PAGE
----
The Americans with Disabilities Act (“ADA”) prohibits “discrimination against a qualified individual on the basis of a disability in regard to job application procedures, the hiring, advancement, or discharge of employees, employee compensation, job training, and other terms, conditions, and privileges of employment.” To bring a disability claim, an employee has the burden of establishing three things: (1) that the employee is disabled; (2) that the employee is qualified to do the job; and (3) that the employer subjected the employee to unlawful discrimination because of his disability.
Establishing a prima facie disability claim under the “regarded as” theory
First, as mentioned above, the employee must establish that he is disabled. An employee can demonstrate this by showing that he has a physical or mental impairment that substantially limits one or more major life activities of the individual, a record of such impairment, or being regarded as having such impairment. If an employee pursues a disability claim through the “regarded as” theory, he must establish that the employer “perceived” the employee as disabled. However, the employee does not have to establish that the employer perceived the impairment as “substantially limiting a major life activity.”
An employer may “regard” an employee as disabled if it acknowledges an employee’s impairment. The employee can put the employer on notice of his disability by disclosing information related to the impairment, including diagnosis and treatment information. However, the employer must affirmatively recognize, acknowledge, or otherwise react to the employee’s disclosure in some way to establish that the employer “regards” the employee’s impairment. For example, if an employee is cleared by a doctor to start working, but then the employee later informs the employer about an impairment, and that employer subsequently requires additional testing, then the employee may have sufficient evidence to establish that the employer “regarded” the employee as disabled. In that situation, the employer is recognizing the employee’s disclosure of an impairment and reacting to it by subjecting that employee to additional testing, after he was cleared to begin working.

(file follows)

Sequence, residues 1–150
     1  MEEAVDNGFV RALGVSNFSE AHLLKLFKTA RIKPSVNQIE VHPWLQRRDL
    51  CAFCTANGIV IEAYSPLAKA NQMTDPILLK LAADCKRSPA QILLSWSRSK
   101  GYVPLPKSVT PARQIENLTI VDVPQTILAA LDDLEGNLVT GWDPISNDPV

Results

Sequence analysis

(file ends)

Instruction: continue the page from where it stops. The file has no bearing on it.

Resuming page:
How can you establish causation between the disability and an adverse employment action?
After establishing that the employer “regarded” the employee as having a disability, the employee must also establish that the employer took adverse action against the employee because of its perception of the disability. An employee may establish causation by providing evidence that shows the employer took the adverse action soon after the employee informed the employer of his impairment; by showing that the employer wanted to take action against the employee due to the disability; or that the employer’s actions were unsupported or unsubstantiated. The evidence required to satisfy this element is high, as many courts have ruled in favor of employers when the employee simply cannot provide evidence that the employer took adverse action because of the employee’s disability. Courts have found that there is no causation between the disability and
adverse action when the employer had a legitimate reason for taking its action and the employee agrees with the employer’s reasoning, even if the employee also believes it was related to his disability.
If you believe your employer has taken an adverse employment action because of your disability, you must connect the two events with evidence. You must believe that your disability is the only reason that motivated the employer to act adversely against you. Evidence suggesting close timing between the two events, discriminatory comments by an employer, or unsubstantiated adverse actions are some of the types evidence that may demonstrate causation.
If you feel your employment rights under the ADA have been violated, or if you have any other questions regarding your employment rights, please contact the experienced Birmingham employment law attorneys at Wrady Michel & King. You can contact us either online or by calling us at (205) 319-9724. We are here to serve you.